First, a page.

I’m going to rant about pockets. It may seem like a strange thing to choose to rant about, as it’s something most of you don’t really give much thought to, unless perhaps you’re shooting for the Guinness Book of World Records for carrying the most oranges around or something. To be honest, I don’t usually give them a lot of thought either. But I’ll explain why I’ve been thinking about them more lately. Or at least… why I’d been thinking about them a while ago when I wrote this rant.
A few months ago was the gift giving season, and my grandparents bought my family an adorably dorky set of holiday pajamas with our names on them. We’d put them on and were sitting around the floor opening our other presents, laughing about how comfy they were, and how random that this ridiculous gift could be so funny and perfect. And then my brother exclaimed, “Guys! They have pockets!” And our hands all jumped to our waists at this thrilling discovery. And Dad indeed found his pockets and exclaimed, “Nifty!” And Mom and I grinned expectantly, as we continued trying to locate them. It only took a couple seconds for our grins to fade and for us to realize that our pairs actually didn’t have pockets.
I don’t know if everybody would have been struck the way I was, but I was honestly hit for a minute with frustration and dejection. The four pairs of pajamas were identical, except my dad and my brother had been ordered “male” pajamas a design with pockets, and our “female” pairs came without.
Please, it’s not like I have a special attachment to pockets and was betrayed. It just frustrated me to believe that somehow it’s natural to the industry that men should have pockets and not women.
Think about the logic behind my teenage brother getting pockets and my Mom not: the fashion industry’s assumption that even a young boy would more deserve and possess a use for pockets than any female of any age.
I know this is an anecdote about pajama pants, which are maybe not as important as real pants. But finding usable pockets in clothes designed for women is rare! So rare in fact that when one finds quality feminine pants with quality pockets, it constitutes a miracle hallelujah moment.
This is ridiculous. This basic useful thing should be something we expect in our clothes! So why are we so accustomed to this gender difference? Spoiler alert, it’s connected to women’s fashions valuing the streamline figure, the idea that women don’t have things of private importance to be carrying around, and above all the assumption that all women carry purses. (This is the part where you read in secret, under cover of darkness, because the fashion industry will be hunting down any work of blasphemy that is responsible for a decline in their purse profits).
It’s not about having a place to put your hands. Pockets represent, and have represented throughout history, a right to ownership and privacy. Pockets have been around longer than Wikipedia can specify, which is a very very long time. They were originally small pouches that hung from a belt. However, they evolved to be stitched into the clothes about the waist. In a time where locks and security systems were unreliable, the most safe and private place for possessions was on one’s person.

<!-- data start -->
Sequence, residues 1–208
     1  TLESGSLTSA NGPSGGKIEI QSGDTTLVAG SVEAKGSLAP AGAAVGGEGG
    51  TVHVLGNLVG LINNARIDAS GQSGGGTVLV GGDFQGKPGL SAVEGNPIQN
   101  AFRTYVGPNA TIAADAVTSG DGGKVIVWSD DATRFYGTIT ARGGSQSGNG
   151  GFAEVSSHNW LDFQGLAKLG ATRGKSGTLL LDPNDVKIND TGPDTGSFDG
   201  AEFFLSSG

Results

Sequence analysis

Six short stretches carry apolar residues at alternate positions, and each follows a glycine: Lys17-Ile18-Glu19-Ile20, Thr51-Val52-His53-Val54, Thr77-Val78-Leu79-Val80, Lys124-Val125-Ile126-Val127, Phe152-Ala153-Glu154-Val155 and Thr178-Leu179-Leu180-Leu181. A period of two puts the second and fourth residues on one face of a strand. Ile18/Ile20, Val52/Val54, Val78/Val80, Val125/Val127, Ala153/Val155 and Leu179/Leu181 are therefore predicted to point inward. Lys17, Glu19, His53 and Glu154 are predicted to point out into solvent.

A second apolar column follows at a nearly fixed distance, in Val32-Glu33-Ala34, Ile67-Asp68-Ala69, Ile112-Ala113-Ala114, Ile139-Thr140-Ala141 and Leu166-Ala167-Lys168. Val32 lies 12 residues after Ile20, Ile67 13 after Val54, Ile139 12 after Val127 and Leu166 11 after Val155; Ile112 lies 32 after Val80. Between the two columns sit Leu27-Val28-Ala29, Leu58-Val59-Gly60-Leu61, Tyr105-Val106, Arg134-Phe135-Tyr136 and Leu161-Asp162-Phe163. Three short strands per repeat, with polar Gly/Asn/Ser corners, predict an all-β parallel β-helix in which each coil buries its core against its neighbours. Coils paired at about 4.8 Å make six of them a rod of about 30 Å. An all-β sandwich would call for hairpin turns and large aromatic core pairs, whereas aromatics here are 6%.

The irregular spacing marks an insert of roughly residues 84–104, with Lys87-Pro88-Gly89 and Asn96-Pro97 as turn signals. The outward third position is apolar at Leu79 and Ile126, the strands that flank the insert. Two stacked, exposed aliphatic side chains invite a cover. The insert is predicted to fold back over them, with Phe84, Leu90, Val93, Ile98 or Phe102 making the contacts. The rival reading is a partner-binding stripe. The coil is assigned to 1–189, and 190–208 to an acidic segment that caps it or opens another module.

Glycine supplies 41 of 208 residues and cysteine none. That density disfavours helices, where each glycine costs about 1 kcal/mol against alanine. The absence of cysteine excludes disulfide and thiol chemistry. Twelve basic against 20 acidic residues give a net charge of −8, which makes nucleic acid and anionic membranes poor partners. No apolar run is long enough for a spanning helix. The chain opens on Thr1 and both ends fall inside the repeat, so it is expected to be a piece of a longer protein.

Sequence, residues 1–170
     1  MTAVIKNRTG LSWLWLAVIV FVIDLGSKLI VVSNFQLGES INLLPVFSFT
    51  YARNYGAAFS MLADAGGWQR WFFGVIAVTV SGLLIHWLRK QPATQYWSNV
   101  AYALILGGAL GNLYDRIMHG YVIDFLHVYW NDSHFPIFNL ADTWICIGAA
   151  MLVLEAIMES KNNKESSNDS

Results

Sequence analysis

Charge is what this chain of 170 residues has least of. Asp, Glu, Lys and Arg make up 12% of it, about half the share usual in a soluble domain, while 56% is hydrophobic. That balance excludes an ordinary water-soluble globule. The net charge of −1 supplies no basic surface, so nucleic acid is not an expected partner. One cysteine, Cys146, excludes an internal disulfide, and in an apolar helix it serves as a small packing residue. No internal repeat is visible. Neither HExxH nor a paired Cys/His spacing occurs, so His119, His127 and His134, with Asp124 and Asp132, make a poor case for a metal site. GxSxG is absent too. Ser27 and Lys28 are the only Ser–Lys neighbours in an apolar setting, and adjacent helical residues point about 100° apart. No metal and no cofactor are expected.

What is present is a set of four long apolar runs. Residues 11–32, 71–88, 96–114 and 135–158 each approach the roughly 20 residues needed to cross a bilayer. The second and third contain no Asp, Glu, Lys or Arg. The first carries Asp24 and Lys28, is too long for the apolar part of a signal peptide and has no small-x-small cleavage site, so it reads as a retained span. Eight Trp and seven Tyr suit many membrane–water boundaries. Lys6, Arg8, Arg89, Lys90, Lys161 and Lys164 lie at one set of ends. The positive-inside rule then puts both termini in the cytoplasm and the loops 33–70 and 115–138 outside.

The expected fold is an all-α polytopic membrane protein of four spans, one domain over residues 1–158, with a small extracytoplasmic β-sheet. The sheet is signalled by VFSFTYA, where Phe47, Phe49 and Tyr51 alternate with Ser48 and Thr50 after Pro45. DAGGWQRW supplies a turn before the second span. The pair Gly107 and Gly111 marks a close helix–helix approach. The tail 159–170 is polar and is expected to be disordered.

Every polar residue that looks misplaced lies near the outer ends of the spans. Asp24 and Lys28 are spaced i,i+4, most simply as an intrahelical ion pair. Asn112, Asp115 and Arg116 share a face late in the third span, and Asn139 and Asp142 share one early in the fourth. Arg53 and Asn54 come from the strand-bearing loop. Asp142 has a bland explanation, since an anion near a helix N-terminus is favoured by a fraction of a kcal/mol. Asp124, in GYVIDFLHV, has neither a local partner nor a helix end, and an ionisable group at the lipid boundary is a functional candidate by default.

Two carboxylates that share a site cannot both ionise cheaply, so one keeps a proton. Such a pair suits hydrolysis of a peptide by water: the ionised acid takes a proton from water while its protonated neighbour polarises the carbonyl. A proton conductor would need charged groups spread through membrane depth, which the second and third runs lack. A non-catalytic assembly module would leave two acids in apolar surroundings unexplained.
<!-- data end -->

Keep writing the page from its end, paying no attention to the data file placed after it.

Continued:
Women’s clothing ditched pockets in the 1790’s, was because carrying items in pockets created bulges that were considered unflattering for a woman’s figure. *Gasp!* Can’t have that, now. Women began carrying bags, now known as purses. While fashion did create different kinds of pockets in what it considered more flattering areas, the most convenient and useful large pockets at the hips had been filed away as “Men Only.” Dress pockets once large enough to keep a needlecase and an orange were, by the 1840’s too tiny for a handful of change. Sounds familiar.
In the age of the iPhone, pockets are necessary every single day, and inconsiderately designed pockets are a real pain in the back pocket area. It’s time for the Pockets Injustice to end.
“A History of Pockets.” Victoria and Albert Museum, Online Museum, Web Team, Webmaster@vam.ac.uk. N.p., n.d. Web. 13 Apr. 2015. <http://www.vam.ac.uk/content/articles/a/history-of-pockets/>.
es for taking our spots if we coolly pull up at 7:58 at the ring of the first bell in a scramble to get to class. Although it may be tempting as the only solution to withdraw the sophomores’ right to drive, think of the consequences. All high school camaraderie would be smashed to pieces.
As for myself, being able to drive as a sophomore opened up a sea of opportunities. Not only was I able to pick up my sister, but a huge weight was lifted off the shoulders of my parents who wouldn’t have to leave work early to come get me after school. Going to Whole Foods to pick up last minute dinner items and running small errands like picking up the dry cleaning, my ability to drive simplified their lives as well as my own. As high school drivers, we can all relate to the feeling of freedom one encounters with a car key lanyard dangling out our pockets.
That feeling is one that many sophomores would be resentful to give up in the face of seniority in the what now has become the competitive arena of upperclassmen. The Pinewood parking lot has grown into an overflowing and crowded scene. Students have no better option than to create non-existent spots and even park outside of the lot itself. Although some may say that the sophomores contribute to this mess, I believe that the sophomores are no more entitled to the parking lot than any junior or senior. Maybe the real issue is that there is not enough parking in the first place. But what did the poor, innocent sophomores have to do with that?
Put the blame on the sophomores all you want, but as they start to roll in their new shiny wheels be ready to get to school at 7 a.m. because the early bird is sure to get